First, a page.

Homemade Diffusion Panel Instructions

DIY Diffusion PanelA diffusion panel is a translucent material that filters harsh light from a hard source to create soft and even illumination. It is used to soften the effect of strobes, studio lights or sunlight so that light falling onto your subject becomes smooth and soft, gently wrapping around the contours of a person’s face instead of creating harsh shadows.

Diffusion panels are a superior source of light for photography for the simple reason that it gives you absolute control on lighting. The placement of your light source behind the diffusion panel determines how large or small your light source will be. If you want a small light source, place your light closer to the panel. You want softer light? Place it farther to fill more of the panel with light. It’s that simple. Many photographers use diffusion panels in combination with a strobe fitted with barn doors to control the light rather than moving their light. A diffusion panel can be thought of as a softbox without sides.

It is also easy to make. Of course you can buy ready-made panels that cost one or two Benjamins, but the materials for a diffusion panel are so readily available and quite cheap that making your own becomes an attractive option.

One of our podcast listeners, Wendell Webb of Woodstock, GA wrote us about a diffusion panel he built (pictured above). He has a small studio – he does portraits and weddings – and even though he owns umbrellas and softboxes, he almost exclusively uses the diffusion panel for the quality and versatility of the light that it creates.

Wendell’s diffusion panel is 7 feet high and 42 inches wide, made of 1-inch PVC. This white frame uses white ripstop nylon as the diffusion screen.

Attachment of nylon screens

He has another frame attached to this that is 7 ft. high and 32 in. wide on which Wendell attached a black nylon cloth. This black portion serves as a gobo and a dark panel to block light while at the same time providing the diffusion panel support to make it free standing.

Close up of C-joiners with wire reinforcement

The two frames are supposed to be connected together with some clips made by cutting a 2-inch length of 1¼” PVC down the middle, making two “C” pieces that were then glued back-to-back. But Wendell said this did not work well so we see a wrapped wire instead to hold the frames together.

Maybe he should have first inserted appropriately sized uncut 2-inch lengths of PVCs on both frames before assembling the frames and gluing those joiners together? Or maybe steel fasteners will do a better job?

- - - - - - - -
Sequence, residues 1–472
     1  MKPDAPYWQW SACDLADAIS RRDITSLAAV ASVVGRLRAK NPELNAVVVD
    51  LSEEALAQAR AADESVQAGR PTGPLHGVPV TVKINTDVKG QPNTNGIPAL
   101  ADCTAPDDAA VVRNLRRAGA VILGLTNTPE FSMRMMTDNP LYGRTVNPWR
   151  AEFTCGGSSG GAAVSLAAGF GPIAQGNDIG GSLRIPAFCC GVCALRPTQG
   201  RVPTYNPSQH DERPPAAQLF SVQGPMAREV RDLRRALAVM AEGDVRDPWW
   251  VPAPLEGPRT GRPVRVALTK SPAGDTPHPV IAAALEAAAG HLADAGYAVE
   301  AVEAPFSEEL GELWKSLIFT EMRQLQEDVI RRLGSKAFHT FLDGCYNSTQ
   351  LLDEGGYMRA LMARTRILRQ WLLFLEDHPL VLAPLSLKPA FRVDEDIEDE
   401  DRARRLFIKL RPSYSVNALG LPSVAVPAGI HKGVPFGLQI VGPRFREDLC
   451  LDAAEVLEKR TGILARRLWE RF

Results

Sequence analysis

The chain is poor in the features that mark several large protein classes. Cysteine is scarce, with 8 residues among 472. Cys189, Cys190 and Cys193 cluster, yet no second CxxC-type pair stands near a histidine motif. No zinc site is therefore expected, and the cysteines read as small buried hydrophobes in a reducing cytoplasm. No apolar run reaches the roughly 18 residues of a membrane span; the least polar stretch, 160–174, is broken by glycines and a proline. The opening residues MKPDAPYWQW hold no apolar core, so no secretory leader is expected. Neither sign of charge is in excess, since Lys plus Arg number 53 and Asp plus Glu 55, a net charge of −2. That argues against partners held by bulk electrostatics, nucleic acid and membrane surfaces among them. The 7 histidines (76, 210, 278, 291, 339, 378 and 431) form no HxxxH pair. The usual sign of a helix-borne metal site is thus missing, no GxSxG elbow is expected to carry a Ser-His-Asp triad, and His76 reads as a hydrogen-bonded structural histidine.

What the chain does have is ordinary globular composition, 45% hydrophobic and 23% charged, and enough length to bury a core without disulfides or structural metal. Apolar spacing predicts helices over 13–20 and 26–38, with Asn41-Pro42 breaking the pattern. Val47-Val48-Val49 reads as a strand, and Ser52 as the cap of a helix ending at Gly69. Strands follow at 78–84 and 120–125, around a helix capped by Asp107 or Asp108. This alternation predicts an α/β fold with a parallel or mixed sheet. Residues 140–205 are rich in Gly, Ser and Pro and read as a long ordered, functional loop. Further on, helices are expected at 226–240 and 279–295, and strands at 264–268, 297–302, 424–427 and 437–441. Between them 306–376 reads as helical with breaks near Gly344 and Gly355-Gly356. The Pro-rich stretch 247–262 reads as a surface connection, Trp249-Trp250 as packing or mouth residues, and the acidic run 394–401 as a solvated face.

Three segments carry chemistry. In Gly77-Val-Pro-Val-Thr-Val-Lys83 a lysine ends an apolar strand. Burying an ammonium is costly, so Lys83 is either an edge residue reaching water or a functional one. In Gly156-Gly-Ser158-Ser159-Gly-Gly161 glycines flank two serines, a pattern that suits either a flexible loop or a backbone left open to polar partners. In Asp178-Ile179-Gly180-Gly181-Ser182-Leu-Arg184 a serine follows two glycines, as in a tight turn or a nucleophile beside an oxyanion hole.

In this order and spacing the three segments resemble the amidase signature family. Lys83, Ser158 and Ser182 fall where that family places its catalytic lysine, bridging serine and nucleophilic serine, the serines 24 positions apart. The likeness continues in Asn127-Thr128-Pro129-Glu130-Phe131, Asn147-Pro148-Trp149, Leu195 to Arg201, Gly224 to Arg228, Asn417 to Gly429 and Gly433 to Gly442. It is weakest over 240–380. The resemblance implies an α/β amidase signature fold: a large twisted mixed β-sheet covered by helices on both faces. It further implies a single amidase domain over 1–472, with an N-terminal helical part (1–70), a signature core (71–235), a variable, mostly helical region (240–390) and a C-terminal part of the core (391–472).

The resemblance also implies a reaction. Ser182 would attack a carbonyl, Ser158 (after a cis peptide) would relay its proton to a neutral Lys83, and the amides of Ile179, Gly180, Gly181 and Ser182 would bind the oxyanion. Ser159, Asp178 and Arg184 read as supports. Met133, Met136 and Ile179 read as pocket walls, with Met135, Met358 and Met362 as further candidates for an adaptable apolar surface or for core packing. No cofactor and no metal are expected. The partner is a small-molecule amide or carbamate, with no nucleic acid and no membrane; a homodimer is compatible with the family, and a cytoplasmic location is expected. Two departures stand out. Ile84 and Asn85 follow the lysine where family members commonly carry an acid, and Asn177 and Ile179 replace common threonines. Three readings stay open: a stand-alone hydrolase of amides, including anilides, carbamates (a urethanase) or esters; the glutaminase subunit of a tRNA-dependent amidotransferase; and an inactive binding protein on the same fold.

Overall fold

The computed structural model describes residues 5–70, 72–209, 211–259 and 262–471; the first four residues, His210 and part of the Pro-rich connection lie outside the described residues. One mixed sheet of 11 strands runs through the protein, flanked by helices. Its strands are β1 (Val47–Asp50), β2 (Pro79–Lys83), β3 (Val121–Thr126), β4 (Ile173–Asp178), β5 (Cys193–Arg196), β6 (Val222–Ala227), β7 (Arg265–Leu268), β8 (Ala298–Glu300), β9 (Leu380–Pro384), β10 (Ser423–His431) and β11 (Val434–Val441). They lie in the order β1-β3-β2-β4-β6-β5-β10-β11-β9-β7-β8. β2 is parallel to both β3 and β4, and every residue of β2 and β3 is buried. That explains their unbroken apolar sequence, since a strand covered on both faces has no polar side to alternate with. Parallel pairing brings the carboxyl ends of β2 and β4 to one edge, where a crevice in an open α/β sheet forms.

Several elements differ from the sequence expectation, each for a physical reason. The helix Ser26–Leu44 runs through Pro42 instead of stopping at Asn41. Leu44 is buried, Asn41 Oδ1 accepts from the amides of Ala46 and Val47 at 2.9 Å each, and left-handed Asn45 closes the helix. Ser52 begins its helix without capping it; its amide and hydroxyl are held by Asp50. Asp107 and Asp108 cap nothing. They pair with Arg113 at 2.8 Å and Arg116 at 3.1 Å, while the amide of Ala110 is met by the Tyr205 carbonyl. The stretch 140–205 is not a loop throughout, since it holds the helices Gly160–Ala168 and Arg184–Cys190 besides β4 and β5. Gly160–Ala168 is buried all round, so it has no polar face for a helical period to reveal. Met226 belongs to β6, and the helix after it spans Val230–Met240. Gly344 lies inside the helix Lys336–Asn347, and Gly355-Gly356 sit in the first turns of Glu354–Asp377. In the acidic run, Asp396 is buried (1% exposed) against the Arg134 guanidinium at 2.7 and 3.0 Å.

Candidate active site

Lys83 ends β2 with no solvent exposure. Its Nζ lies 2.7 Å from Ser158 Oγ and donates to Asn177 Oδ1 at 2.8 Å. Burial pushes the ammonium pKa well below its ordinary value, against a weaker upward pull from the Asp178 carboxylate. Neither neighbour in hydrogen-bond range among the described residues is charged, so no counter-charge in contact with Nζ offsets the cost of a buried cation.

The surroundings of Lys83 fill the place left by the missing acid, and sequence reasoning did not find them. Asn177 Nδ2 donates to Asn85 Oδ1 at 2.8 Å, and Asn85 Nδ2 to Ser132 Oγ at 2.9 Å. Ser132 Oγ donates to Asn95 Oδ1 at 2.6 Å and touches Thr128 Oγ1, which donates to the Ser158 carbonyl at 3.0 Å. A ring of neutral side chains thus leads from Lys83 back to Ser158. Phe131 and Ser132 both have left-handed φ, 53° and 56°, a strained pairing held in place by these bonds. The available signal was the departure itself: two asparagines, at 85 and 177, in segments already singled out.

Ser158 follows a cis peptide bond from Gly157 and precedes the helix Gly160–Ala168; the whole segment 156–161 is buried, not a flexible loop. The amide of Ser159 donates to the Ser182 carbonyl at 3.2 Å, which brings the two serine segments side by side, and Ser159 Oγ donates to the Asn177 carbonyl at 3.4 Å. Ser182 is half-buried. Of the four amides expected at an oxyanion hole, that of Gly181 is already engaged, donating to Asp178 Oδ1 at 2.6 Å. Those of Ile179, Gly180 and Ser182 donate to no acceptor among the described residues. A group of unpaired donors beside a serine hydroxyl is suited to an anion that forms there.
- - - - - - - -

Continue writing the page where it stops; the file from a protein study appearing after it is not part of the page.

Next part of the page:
Thanks, Wendell, for sharing your diffusion panel project with us.

You can view Wendell’s web site at candwphotos.com.

Chris Malinao

About Chris Malinao

Chris teaches Lightroom as workflow software to photography students at the FPPF, Federation of Philippine Photographers Foundation. He also teaches smartphone photography.

10 thoughts on “Homemade Diffusion Panel Instructions

  1. Chris MalinaoChris Malinao Post author

    Rip-stop nylon is a type of nylon fabric that resists ripping or tearing, thus the name. It is made with inter-woven reinforcement threads in a crosshatch pattern to make it durable.

    It’s often the fabric of choice for light jackets and windbreakers, also for kites and parachutes. It’s the same fabric used for tents, sleeping bags, flags and banners.

    There are many variations. But for a diffusion panel, choose a translucent fabric that evenly spreads light.

    You may find some examples here.

  2. Tom Legrady

    These were developed in the 80s by Dean Collins. There’s some information and a link to the entire notebook at Strobist.com

    The clips should cover more than half the tube. If you go a little beyond, there’s a little effort to clip them on, and some holding power. If they cover lots more than half, lots of effort, lots of holding power.

    Tom

  3. Russell Webb

    Hi, Is there please a diagram or pictures on how to correctly setup this panel in the studio, not sure position you would place your light source.

    Many Thanks,
    Russell Webb (No Relation Wendell Webb)

  4. Josh G

    This is funny I picked up all the materials to do something just like this before I found this site. But in place of the nylon I picked up 2 glazed white shower curtains from wallmart. for $2 they are just the right size and 4* 7 I think. Not only is it cheap but when set up over head as a diffusion pannel it also is rain proff. It has a nice dule purpose. not that you would need both at the same time but to have a 4*7 umbrella on a shoot gives you some really cool effects with a rainy backround with out you, your equipment, and subject fully exposed to the weather

  5. Cory H

    I believe by “Glazed” he means “Frosted”, meaning the shower curtain is ALMOST perfectly clear, except for a frosted see-through white glaze…..it causes the light to spread and soften, and it makes for a beautiful effect. I use the same curtains on my windows, and use the natural light it gives off for portraits at certain times of the day, and it works great!

  6. Dallas Allbritton

    This has been a MAJOR MONEY SAVER for me as I setup my lil in house (home) studio. I found the rip stop material online at harts fabric http://www.hartsfabric.com/ at a great price, 6.99/yard. Using the plans from strobist, I will build a few setups & have the ripstop hemmed into 3’x6′ panels and use clamps to attach the material to the stands so that I can switch from one stand to another as I need to. For about $100 I will have all the studio lighting support I will need.

    Thanks Again for all the help!!!


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